The new policy brief based on LOCOMOTION research outlines how the EU can accelerate the shift towards a 100% renewable, sustainable and resilient energy future. The veto on including nuclear energy and gas into EU taxonomy to be voted by the Members of the European Parliament this week will play a crucial role in making this transition possible.

Scientific evidence and economic estimates suggest that we are at a critical point to double down on efforts for a clean and just energy transition. Renewables are the most cost-effective, sustainable and safest energy solution we have today. CAN and EEB research suggests the feasibility of a 100% renewable energy system by 2040, while energy think tank Ember has estimated €1 trillion of savings by 2035 from rapid transition, paired with benefits to human health, security and nature.

In the meantime, new nuclear facilities can be 19 times more expensive than renewable energy, considering the damage to human health and ecosystems. Natural gas is not a feasible alternative either, with methane’s high global warming potential and links to human rights violations, conflict and ecocide. Leaving nuclear energy and gas out of the EU taxonomy would save its credibility, prevent carbon lock-in and help close the mitigation gap by effectively directing climate finance.

Building on the present momentum and new findings, the EEB has brought together research by the LOCOMOTION consortium to outline five priorities for a holistic energy transition that would allow us to stop dependence on outdated energy solutions:

  1. Manage demand together. Based on a recent study, only the post-growth scenario can deliver sufficient reductions in GHG emissions and inequality without undesirable compromises. Energy stakeholders should prioritise sufficiency over excess, contribute to managing energy use, and increase efficiency to achieve a 33% reduction in industry demand by 2050.
  2. Measure real impacts. Consumption-based emissions from international trade can be 18.5% higher than previously estimated among countries that score high on the Human Development Index. Energy accounting methodologies need to be updated to avoid displacing carbon emissions and other negative impacts using metrics such as Hidden Energy Flows indicator.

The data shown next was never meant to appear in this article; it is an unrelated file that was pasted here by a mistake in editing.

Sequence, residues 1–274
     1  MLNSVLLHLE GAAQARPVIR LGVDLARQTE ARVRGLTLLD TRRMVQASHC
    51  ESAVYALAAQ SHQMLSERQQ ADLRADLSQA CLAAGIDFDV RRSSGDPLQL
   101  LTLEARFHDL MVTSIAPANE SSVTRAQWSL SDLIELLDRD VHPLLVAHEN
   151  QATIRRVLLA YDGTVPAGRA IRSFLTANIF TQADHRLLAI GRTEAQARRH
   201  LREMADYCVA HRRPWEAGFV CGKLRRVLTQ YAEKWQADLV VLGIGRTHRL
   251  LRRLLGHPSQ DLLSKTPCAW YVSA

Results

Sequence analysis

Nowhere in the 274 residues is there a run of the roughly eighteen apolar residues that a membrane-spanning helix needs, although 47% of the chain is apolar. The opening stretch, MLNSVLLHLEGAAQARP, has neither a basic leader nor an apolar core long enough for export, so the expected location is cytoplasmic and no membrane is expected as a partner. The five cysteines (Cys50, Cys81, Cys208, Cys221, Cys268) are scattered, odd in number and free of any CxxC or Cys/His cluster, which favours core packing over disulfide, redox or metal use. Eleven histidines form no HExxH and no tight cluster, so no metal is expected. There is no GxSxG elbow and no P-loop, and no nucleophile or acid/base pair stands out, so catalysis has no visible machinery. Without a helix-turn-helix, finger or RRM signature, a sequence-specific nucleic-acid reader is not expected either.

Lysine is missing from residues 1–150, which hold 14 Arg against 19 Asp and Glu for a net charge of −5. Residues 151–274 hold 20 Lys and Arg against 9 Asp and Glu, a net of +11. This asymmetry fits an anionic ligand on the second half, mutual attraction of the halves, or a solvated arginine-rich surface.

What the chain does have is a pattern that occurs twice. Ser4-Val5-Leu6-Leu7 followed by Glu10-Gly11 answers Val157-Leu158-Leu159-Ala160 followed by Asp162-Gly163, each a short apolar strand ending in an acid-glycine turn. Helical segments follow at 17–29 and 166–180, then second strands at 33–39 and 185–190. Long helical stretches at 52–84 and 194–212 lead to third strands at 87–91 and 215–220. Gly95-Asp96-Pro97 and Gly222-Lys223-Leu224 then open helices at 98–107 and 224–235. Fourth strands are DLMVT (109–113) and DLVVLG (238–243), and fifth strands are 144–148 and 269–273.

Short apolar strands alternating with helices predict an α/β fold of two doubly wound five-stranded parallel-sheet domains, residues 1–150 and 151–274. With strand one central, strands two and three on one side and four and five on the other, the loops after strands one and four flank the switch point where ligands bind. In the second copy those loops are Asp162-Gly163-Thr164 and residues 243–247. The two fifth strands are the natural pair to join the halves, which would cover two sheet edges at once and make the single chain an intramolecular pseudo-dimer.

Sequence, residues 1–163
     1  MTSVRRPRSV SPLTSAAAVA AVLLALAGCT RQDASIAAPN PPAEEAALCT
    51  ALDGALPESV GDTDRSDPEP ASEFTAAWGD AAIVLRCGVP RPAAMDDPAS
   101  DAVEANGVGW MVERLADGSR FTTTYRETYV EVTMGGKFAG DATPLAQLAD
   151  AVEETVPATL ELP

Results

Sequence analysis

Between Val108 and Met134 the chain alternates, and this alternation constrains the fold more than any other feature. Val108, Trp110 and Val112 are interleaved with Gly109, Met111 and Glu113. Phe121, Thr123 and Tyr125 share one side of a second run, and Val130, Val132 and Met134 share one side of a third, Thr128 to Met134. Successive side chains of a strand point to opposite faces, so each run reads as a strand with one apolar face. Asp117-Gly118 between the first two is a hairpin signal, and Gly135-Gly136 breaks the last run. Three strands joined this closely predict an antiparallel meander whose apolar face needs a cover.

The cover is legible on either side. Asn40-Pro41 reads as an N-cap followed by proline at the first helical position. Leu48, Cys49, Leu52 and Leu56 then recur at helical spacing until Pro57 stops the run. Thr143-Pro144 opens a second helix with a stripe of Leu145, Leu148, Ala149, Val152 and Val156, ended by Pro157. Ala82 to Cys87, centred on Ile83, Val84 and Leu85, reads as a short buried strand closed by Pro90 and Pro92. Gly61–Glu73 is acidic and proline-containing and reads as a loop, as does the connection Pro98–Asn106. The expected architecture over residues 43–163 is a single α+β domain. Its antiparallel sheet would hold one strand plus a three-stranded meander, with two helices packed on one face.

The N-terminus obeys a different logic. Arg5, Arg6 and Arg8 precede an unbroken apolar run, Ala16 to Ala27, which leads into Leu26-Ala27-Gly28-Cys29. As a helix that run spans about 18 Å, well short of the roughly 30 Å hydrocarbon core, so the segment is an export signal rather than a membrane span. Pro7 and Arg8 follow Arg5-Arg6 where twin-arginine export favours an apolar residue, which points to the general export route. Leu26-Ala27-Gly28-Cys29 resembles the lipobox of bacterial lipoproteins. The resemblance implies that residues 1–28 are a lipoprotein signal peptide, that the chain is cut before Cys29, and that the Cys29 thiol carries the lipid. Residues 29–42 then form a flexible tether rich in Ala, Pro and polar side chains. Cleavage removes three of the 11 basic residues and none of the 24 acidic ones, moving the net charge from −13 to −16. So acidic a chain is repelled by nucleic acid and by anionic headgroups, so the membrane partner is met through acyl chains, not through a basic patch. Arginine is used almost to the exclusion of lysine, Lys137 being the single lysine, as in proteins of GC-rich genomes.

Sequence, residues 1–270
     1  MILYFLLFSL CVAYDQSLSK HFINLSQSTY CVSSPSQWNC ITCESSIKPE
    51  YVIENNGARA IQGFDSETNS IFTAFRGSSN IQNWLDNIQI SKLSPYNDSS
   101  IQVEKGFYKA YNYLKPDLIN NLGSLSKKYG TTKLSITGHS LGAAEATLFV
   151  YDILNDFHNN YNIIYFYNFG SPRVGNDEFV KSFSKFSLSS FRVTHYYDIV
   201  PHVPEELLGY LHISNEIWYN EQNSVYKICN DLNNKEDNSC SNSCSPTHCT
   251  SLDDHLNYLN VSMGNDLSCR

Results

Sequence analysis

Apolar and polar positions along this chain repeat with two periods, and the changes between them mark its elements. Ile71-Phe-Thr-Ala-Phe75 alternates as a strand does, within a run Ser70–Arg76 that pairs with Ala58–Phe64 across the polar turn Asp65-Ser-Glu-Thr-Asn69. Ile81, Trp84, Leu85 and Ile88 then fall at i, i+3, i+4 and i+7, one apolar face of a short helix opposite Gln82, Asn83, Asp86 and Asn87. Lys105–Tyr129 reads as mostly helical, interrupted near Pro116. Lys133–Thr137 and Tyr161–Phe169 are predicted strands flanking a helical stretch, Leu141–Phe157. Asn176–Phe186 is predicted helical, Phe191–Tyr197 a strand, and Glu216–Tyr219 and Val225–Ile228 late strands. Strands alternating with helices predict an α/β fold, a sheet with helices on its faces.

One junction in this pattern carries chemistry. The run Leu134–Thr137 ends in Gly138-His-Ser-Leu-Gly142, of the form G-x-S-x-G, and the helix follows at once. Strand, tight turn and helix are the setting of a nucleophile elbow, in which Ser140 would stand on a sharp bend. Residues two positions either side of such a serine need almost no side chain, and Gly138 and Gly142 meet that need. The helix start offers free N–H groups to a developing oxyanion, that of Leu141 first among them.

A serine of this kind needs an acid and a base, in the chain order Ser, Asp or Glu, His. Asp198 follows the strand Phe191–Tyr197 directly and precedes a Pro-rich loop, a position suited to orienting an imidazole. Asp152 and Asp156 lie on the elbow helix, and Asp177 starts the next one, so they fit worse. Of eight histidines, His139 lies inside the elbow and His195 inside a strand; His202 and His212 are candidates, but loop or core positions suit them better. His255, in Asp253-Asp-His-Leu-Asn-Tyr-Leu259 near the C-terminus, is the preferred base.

3. Accelerate the transition. Stronger policy incentives and more inclusive finance are needed for electrifying industry, energy storage development, deep renovation and climate innovation. This requires long-term collaborations and reducing barriers for deployment without compromising society and nature.
  4. Live within limits. The green growth path would deplete key minerals for renewables such as tellurium, indium, tin, silver and gallium by 2060, while the nickel resources can go empty within a century. Innovative design approaches, a 65% reduction in absolute consumption and stronger due diligence are needed to fast-track circular economy, maximise the potential of renewable energy sources and protect communities and ecosystems.
  5. Rethink just transition. Policymakers need to go beyond narrow framings of just transition and adopt a feminist and intersectional approach. This would improve access to the benefits of climate action allowing traditionally excluded groups to become part of a shared energy future. The green jobs discourse needs to be replaced with a more inclusive framing, recognising how diverse people contribute to sustainability and wellbeing.

Today, accelerating the energy transition is a political and ecological necessity. Including nuclear energy and gas in the list of green investments would be a dangerous mistake, undermining many of the essential efforts outlined above. In this critical moment, the vote by MEPs can prove decisive in supporting a renewable, secure, and responsible energy future.